A spokesman for the IMF mission currently visiting Cairo said that the mission is not currently discussing new loans to the country. It is simply a fact-finding mission to assess the economic situation and determine the needs of the country at the current juncture.
As to his expectation about the growth of the Egyptian economy for this year and next year, the spokesman said that the weakness of the international economy will add a new burden on the Egyptian economy in terms of exports, revenues from tourism, money transfers by overseas Egyptians and the flow of foreign investment.
Egypt is eligible, under the quota system, to borrow as much as $3 billion from the Fund but that amount could be raised to $8-$9 billion if the country would be in need.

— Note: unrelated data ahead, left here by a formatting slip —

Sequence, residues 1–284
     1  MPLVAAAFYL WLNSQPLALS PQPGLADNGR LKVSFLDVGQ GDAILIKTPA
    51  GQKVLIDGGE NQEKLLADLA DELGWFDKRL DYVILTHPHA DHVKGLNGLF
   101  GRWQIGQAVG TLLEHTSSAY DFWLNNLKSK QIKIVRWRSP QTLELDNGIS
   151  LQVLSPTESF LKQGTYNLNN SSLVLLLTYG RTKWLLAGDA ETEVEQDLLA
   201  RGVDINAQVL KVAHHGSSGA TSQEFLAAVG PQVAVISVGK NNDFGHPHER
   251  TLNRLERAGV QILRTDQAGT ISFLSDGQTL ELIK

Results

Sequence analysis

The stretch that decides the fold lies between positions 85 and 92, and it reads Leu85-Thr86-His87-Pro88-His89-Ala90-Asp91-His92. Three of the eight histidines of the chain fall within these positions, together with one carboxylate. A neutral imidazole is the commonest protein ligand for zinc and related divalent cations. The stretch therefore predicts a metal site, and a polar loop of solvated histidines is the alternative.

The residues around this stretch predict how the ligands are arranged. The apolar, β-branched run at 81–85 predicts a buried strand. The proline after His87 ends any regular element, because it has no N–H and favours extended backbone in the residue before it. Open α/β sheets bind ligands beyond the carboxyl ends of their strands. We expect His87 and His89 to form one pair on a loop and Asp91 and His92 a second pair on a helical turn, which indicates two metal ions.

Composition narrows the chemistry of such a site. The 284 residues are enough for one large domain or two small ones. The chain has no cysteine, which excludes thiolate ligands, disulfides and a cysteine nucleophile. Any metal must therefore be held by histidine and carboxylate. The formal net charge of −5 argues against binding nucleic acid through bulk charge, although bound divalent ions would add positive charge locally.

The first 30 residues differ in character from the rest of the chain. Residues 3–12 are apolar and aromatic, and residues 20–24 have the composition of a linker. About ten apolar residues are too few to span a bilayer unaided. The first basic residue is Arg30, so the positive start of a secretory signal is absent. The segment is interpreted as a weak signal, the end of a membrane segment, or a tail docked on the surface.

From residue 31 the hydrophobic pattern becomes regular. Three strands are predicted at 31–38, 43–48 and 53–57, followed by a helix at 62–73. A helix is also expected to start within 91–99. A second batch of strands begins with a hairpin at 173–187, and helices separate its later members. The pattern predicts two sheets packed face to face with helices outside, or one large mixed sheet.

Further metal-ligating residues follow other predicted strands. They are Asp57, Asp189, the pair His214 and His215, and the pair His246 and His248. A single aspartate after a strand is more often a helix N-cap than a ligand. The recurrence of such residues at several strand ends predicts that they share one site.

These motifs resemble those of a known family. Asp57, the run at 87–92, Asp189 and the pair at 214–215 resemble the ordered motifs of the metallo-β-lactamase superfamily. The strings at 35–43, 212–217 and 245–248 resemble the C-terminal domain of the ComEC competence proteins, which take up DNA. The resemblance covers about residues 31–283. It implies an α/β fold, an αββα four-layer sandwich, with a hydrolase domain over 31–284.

The Egyptian government has announced earlier this year that its budget deficit will be 28 million pounds ($4.6 billion) on top of interest payments on government borrowing of 106 billion pounds ($17.4 billion), bringing the total deficit to 134 billion pounds (22 billion) or the equivalent of 8.6% of gross domestic product. The government plans to cover the deficit through domestic borrowing of 120 billion pounds ($19.7 billion) and with loans and grants from Arab countries valued at $2.3 billion.
According to the minister of finance Hazem al-Biblawi government subsidies have skyrocketed from one billion Egyptian pounds in 1991 to 95 billion pounds this year.
Source: Al-Sharq Al-Awsat, London, October 26, 2011